After months of sailing, Captain Arthur Phillip and his English crew made landfall on January 26th, 1788. As the settlers raised the British flag on Australian soil for the first time, they could not have known the profound, lasting impact they would have on the Indigenous peoples of this continent. Crew on this humble expedition could not have known that their voyage would mark the beginning of a horrific, vicious genocide, unique in its scope and in its shocking cruelty. In the coming decades, tens of thousands of Indigenous Australians would be forced from their land, murdered by colonial settlers in vicious attacks. Aboriginal communities across the nation would be decimated by disease, famine, warfare and dispossession. This dark, tortured history began on that fateful day, January 26th. It is not a date worthy of national celebration.
January 26th is not a date worthy of national celebration because it marks the beginning of the destruction of the Indigenous way of life. Captain Phillip’s settlement precipitated the destruction of Indigenous society and a huge collapse in the Indigenous population. The British colonial project would decimate Aboriginal communities across the continent. The historical record shows that Europeans mounted a systematic, genocidal campaign of extermination against Indigenous peoples on the frontiers of settlement to gain access to the richest pastoral land. Consider the diary of Captain John Wallis, a soldier who wrote that ‘’It was a melancholy but necessary duty’’ to massacre an Aboriginal clan in the Appin-Bringelly districts of New South Wales in 1816. As early as the 1870s, the English novelist Anthony Trollope described targeted killings in his writings: ‘’We have massacred (Indigenous Australians) when they defended themselves … and taught them by hard warfare to acknowledge us to be their masters.’’ Surveying such evidence, esteemed historian Henry Reynolds concluded in his seminal work An Indelible Stain? The Question of Genocide in Australia’s History that ‘’white Australians (showed) no desire or will to ensure the survival of the Aborigines as a people … it was common (during the colonial era) to welcome the passing of the Aborigines’ as an indicator of colonial progress, a measure of achievement.’’ Colin Tatz describes how a pre-contact Indigenous population that numbered at least 400,000 people was reduced to just 31,000 by 1911, just 123 years after settlement. This may not be the history the vast majority of Australians celebrate on Australia Day. But it is a history that cannot be separated from Phillip’s voyage and the subsequent British settlement of Australia.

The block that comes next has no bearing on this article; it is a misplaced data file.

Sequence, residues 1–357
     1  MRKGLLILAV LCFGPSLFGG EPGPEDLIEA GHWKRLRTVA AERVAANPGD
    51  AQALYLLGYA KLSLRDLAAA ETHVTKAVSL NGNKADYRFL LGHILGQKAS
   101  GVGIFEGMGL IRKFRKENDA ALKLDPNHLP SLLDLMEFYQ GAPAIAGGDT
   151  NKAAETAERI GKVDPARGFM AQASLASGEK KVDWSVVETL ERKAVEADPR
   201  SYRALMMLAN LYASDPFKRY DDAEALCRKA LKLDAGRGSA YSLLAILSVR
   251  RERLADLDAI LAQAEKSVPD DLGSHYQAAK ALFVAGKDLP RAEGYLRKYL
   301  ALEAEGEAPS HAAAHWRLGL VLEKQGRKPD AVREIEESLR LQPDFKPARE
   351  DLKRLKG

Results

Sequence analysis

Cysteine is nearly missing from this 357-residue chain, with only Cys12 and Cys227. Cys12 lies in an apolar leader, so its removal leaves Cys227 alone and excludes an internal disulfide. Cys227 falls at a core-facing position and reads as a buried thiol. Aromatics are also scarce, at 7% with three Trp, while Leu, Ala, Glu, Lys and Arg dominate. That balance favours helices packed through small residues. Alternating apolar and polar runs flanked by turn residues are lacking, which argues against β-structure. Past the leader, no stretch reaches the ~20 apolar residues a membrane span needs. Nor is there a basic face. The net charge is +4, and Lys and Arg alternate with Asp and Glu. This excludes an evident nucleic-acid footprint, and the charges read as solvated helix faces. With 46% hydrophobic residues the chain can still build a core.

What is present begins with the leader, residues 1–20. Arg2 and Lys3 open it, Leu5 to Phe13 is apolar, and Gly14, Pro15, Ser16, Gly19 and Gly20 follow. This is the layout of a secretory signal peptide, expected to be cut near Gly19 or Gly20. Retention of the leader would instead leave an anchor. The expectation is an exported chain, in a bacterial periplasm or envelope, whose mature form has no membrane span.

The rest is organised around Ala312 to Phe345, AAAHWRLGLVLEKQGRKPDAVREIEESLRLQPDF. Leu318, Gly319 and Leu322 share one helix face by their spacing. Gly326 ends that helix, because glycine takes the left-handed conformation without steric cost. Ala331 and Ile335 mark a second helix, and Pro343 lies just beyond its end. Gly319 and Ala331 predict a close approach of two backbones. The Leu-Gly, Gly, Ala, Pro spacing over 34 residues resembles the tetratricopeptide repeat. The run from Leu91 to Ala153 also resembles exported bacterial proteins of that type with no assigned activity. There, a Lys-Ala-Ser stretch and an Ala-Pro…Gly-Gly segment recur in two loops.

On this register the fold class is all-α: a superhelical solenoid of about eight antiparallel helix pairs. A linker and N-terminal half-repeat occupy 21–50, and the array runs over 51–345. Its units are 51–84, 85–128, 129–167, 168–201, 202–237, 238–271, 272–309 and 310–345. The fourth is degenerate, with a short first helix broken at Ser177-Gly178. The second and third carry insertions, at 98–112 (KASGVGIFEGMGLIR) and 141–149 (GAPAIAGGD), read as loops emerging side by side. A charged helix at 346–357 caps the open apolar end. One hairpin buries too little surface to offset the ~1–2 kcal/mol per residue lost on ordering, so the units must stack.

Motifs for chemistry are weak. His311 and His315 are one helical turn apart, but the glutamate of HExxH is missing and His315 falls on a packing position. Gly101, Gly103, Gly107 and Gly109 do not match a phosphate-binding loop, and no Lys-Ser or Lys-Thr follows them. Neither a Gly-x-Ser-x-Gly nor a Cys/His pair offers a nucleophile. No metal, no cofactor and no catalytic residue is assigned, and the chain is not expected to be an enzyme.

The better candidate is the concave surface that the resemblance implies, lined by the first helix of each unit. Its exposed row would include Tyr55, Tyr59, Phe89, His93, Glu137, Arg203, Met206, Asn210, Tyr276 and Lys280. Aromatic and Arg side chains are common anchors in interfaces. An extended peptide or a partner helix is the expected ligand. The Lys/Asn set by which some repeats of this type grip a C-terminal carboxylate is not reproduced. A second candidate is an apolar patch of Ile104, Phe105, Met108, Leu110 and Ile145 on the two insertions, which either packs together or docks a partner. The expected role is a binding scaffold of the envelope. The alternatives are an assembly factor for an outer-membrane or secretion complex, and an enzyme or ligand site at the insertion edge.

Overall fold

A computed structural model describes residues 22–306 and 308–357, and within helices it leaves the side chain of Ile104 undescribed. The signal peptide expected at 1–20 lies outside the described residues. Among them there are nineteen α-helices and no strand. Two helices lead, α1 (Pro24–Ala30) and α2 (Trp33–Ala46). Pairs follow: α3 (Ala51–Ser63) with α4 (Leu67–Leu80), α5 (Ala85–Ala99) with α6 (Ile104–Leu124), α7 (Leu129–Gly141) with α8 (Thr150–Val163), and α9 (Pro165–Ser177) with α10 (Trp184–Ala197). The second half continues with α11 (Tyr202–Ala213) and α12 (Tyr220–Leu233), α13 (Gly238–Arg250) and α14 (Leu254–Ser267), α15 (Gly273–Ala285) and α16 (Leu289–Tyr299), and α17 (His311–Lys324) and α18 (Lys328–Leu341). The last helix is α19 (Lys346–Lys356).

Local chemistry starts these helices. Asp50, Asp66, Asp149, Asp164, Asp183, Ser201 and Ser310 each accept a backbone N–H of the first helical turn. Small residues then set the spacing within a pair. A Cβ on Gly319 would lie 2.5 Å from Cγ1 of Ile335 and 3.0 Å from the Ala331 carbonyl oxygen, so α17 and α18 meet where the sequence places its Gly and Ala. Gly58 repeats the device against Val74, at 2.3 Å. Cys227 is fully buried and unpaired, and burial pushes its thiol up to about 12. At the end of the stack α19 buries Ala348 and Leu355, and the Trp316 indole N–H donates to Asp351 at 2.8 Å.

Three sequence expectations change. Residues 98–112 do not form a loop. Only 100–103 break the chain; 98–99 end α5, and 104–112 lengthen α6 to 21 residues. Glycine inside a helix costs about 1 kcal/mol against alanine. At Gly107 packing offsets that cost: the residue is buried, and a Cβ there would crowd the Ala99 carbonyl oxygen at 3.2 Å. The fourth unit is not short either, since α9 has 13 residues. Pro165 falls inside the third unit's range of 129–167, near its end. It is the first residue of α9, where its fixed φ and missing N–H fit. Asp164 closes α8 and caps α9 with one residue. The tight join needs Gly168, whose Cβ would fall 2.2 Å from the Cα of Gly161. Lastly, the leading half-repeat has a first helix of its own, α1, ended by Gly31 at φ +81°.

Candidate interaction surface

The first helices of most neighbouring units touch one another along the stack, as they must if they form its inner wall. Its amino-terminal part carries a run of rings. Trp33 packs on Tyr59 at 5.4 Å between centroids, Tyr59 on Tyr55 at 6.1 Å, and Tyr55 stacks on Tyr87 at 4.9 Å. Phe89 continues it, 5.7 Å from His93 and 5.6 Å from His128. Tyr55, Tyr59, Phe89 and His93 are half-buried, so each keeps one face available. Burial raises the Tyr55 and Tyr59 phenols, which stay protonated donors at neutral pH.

To many Indigenous Australians, there is precious little to rejoice about on January 26th. It marks the loss of traditional land, the loss of family and the very near destruction of a culture that had endured for tens of thousands of years. It marks the beginning of discrimination, persecution and oppression; the beginning of a structured system of economic and social inequality that persists today. Indigenous people on average die 10 years younger than non-Indigenous people. The Indigenous infant mortality rate is almost twice as high as the rate for non-Indigenous people. These shameful statistics owe to the higher rates of poverty most Indigenous communities continue to face. Analysis of data from the 2011 Household, Income and Labour Dynamics in Australia (HILDA) survey found that Aboriginal and Torres Strait Islander people were almost twice as likely to experience poverty than other Australians. It is understandable that Indigenous people do not find much to celebrate on January 26th. It marks the beginning of a cruel system of oppression, the effects of which are still being felt today.
January 26th is not a date worth of national celebration. Changing the date will not fix everything. It won’t erase the very real inequities Indigenous Australians continue to face – only a concerted societal push to close the gap between Indigenous and non-Indigenous outcomes could do that. But changing the date means acknowledging that there was a real, concerted effort to eradicate the Aboriginal race here in Australia. That would be a healthy symbolic step towards reconciliation. In the interests of lasting inter-cultural understanding, Australia’s national celebration should not be commemorated on a day that marks the beginning of a genocide. The date of Australia Day must be changed.